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Wordle Offers Simple Satisfaction

January 28th, 2022 by dk

Not all viruses are bad. Not everything that spreads like wildfire cuts a path of destruction. Some epidemics slow those who are infected, but does them no harm. Rage isn’t always rooted in anger.

I’m referring, of course, to Wordle, a simple online word game that has gone viral, spread like wildfire, infected many of us. It’s all the rage.

Wordle gives you six chances to guess a five-letter word. Letters common to the hidden word and your guess change colors — green if they are in the right place, yellow if they’re not. It’s a mix of crosswords, Scrabble, and Boggle. Each game takes only a few minutes.

There’s nothing excessive or clunky about Wordle, except its web address: www.powerlanguage.co.uk/wordle/ — but that tells you something important. Josh Wardle, its creator, lives in Brooklyn but he grew up in Wales. (There’s something else Eugene readers should know about him, but I’ll save it for the end.)

Wardle models British restraint. He has no plans to roll out Wordle Pro or Wordle Max. He won’t sell adjacent ads on the simple website. It’s already complete, not begging to be improved, though imitators have been quick to try. (Google and Apple have both rejected game apps that mimic Wordle too closely.)

Here’s what’s great about Wordle, using five letters.

S is for Spare. There’s no clutter to it, anywhere. The screen shows a keyboard and six rows of empty tiles. Once you fill a row, the keyboard letters change colors. Chosen letters that are not in the word are dimmed gray so you know not to use them again. Wordle promises no unnecessary distractions — Marie Kondo would love it.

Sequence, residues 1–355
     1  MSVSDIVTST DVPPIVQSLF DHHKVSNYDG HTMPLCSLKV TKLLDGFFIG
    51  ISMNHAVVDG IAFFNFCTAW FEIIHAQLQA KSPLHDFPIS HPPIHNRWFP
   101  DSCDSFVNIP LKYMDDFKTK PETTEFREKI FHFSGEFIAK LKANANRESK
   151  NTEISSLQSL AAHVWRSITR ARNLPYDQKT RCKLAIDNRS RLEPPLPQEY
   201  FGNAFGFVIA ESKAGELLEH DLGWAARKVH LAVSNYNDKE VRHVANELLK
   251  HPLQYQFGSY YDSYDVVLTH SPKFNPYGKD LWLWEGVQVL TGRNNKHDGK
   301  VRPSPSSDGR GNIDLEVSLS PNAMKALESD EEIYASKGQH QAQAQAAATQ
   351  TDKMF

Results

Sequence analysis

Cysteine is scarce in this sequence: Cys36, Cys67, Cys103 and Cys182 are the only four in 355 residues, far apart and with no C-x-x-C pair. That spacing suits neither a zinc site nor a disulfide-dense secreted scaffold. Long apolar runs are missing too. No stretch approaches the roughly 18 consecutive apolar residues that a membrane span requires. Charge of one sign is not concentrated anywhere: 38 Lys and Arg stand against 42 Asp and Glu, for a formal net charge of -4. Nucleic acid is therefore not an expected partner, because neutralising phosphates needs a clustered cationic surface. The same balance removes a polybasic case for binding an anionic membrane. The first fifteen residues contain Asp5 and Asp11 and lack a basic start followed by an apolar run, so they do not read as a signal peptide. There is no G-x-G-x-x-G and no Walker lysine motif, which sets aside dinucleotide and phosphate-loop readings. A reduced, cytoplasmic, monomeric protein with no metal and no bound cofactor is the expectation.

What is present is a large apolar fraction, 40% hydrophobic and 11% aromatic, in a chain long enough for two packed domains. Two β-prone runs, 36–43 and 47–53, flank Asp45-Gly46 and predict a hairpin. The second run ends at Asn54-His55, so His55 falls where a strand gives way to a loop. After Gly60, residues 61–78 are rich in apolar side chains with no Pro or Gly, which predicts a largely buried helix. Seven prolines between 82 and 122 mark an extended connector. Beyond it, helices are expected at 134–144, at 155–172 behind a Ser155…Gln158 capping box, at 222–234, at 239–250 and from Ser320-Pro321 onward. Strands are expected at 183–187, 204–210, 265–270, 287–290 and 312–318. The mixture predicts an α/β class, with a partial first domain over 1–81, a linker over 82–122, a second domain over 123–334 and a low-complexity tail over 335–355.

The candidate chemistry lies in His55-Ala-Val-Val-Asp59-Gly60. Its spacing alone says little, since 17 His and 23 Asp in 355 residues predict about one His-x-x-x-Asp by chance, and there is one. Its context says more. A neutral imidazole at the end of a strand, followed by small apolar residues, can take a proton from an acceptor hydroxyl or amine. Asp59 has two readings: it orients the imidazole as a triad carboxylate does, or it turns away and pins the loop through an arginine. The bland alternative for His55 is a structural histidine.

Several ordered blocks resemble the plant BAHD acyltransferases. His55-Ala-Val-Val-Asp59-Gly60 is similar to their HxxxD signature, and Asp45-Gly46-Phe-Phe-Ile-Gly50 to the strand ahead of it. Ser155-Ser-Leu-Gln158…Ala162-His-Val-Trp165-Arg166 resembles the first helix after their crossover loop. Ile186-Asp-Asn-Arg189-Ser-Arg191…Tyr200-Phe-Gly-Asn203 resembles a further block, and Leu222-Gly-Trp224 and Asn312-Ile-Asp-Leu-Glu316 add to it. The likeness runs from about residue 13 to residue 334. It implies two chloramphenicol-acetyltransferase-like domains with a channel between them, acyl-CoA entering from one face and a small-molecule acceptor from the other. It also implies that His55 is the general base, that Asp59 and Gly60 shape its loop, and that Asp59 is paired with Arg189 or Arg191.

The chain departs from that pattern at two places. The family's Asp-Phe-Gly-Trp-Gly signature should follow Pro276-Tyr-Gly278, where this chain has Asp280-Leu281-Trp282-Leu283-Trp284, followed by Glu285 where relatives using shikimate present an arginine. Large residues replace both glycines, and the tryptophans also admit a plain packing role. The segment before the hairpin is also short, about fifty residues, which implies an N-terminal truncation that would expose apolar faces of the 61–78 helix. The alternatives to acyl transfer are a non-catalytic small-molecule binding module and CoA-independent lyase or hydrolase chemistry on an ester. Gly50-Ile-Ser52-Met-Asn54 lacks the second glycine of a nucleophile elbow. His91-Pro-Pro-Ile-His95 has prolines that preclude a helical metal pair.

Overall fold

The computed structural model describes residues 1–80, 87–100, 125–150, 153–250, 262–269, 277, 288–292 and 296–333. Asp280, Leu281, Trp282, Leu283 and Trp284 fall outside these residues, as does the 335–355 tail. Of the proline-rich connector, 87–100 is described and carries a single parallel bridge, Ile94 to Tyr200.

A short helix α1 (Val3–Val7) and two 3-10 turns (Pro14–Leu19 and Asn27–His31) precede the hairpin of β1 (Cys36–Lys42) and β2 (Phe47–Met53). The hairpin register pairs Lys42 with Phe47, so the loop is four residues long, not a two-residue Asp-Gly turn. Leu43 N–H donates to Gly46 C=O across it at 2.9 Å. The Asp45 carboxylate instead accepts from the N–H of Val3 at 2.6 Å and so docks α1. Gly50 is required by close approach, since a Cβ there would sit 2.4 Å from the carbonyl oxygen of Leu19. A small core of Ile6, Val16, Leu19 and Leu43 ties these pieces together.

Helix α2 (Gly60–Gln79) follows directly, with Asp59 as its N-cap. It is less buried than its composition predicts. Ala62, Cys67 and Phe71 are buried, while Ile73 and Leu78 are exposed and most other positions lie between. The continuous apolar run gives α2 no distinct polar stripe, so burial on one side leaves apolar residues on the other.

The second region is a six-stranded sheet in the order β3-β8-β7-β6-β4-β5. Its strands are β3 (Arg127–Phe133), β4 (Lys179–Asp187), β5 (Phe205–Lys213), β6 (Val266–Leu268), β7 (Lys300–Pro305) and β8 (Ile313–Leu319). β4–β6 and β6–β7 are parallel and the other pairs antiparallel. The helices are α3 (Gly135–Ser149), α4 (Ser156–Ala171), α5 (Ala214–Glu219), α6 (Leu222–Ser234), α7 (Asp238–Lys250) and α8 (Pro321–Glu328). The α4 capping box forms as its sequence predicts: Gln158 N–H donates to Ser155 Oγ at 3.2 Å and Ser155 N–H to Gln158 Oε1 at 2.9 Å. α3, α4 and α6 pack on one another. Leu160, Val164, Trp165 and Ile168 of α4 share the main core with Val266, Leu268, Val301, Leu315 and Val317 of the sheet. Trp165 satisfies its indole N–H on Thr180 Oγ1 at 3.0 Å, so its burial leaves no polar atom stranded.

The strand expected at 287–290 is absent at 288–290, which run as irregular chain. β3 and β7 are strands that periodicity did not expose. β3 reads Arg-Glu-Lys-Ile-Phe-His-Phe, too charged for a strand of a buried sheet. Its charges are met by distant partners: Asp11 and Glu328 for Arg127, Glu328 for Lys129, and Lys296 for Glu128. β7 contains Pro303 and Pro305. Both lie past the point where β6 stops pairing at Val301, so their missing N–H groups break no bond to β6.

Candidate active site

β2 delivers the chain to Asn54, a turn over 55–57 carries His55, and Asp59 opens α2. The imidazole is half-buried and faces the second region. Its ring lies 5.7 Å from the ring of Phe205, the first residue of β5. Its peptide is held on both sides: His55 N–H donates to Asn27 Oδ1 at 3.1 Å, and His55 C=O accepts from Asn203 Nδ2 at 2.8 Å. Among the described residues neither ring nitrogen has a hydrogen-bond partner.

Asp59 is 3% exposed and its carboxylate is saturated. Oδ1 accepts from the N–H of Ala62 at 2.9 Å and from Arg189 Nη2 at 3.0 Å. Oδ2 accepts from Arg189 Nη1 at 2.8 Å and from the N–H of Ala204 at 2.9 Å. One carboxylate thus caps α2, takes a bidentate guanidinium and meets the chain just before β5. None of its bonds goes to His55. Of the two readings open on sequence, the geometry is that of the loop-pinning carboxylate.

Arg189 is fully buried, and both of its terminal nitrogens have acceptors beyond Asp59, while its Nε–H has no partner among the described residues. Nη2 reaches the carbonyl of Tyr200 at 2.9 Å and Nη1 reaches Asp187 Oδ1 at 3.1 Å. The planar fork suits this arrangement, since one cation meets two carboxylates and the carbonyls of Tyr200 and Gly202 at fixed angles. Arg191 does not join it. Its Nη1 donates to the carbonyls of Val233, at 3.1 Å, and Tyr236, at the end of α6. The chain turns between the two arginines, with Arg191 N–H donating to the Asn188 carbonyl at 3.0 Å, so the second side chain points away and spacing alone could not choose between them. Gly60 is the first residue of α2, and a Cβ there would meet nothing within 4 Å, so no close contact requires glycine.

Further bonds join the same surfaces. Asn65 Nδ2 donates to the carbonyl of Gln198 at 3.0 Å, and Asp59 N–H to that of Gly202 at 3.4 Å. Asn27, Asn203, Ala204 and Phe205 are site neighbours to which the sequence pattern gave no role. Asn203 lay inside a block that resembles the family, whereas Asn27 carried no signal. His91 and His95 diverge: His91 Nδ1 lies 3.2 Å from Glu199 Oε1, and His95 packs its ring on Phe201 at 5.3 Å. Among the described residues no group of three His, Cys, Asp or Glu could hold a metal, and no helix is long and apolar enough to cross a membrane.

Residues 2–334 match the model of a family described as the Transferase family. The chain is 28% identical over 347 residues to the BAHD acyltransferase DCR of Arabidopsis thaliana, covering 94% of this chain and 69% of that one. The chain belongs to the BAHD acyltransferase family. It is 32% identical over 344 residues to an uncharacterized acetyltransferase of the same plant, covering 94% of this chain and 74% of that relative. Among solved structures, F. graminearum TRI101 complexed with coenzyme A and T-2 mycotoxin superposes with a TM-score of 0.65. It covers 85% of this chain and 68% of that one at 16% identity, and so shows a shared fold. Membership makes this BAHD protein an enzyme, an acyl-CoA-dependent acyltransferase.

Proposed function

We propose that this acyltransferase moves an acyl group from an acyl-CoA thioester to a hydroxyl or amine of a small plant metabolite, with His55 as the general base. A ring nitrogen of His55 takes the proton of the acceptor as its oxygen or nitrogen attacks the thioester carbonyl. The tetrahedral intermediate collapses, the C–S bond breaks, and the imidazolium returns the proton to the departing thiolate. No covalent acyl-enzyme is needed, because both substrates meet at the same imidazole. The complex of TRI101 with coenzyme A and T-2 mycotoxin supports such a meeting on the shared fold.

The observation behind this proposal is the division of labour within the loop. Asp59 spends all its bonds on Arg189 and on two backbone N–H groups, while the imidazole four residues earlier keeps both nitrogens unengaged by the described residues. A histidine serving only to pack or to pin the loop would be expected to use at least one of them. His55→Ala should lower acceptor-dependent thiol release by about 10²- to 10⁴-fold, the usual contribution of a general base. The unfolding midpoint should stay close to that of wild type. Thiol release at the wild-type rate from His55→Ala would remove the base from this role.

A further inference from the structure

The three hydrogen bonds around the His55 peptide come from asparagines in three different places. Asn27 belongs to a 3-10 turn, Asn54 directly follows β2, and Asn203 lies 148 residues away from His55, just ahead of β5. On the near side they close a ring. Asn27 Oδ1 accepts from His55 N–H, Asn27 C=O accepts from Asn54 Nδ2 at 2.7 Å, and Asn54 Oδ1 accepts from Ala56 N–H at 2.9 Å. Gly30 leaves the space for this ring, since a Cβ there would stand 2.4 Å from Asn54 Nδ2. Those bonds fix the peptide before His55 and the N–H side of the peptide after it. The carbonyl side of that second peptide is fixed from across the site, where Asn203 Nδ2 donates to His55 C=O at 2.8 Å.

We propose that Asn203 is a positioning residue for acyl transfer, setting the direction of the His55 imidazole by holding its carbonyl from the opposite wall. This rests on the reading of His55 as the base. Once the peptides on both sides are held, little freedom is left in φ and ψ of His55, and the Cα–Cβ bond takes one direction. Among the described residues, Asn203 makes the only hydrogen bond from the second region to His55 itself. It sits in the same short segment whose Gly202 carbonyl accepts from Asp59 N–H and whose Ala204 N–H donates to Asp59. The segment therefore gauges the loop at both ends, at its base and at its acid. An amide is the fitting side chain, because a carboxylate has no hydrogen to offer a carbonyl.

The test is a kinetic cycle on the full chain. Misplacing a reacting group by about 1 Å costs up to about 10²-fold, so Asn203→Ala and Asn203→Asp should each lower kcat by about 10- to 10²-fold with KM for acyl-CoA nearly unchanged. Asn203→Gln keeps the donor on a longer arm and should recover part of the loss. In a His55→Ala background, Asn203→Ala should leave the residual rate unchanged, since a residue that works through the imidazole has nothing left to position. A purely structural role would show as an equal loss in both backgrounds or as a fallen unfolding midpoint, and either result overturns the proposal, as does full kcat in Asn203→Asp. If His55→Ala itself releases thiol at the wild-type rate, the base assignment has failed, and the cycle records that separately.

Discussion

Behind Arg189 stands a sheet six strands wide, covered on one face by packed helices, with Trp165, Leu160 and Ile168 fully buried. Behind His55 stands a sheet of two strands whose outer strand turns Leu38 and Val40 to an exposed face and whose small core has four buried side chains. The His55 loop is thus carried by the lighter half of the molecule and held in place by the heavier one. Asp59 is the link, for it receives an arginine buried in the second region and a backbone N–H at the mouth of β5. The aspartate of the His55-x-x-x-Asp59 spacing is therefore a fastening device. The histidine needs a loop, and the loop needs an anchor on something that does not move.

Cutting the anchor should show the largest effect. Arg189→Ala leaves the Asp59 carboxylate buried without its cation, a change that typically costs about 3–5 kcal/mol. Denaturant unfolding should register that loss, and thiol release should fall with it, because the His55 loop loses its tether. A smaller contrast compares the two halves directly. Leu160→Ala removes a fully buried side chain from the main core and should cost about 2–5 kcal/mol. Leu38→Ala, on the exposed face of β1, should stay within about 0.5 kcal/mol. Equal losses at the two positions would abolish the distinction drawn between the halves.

A is for Accepted. Only common five-letter words are accepted before the tiles change color. There are no tricks allowed. “EIEIO” is not an acceptable synonym for “farm.” The hidden word is likewise common. No surprises. This is not the Sunday crossword puzzle with arcane clues and bad puns. Everything you need is right in front of you.

T is for Time. The game doesn’t care about it. There is no clock. There are no other players waiting their turn. Nothing inside the game asks you to hurry.

E  is for Expiration. You cannot binge Wordle. Each day’s puzzle is its own. The site won’t allow you to play two games in a row. You’re allowed one game per day. That’s it. Once you complete your game, the site counts the hours, minutes, and seconds until you can play again. Until  then, get on with your life.

D is for Discrete. The game is between you and your 26 keyboard friends. There is no team play. You can share your results for each game on social media, but not your cumulative scores or current streak. Those records are displayed, but cannot be easily shared.

As I researched this column, I ran across this fun detail: Wardle is a Duck. (MFA, Digital Design, 2011) Wordle won’t save the world. It makes the world more bearable for a few minutes. That will have to suffice.

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Don Kahle (fridays@dksez.com) writes a column each Friday for The Register-Guard and archives past columns at www.dksez.com.

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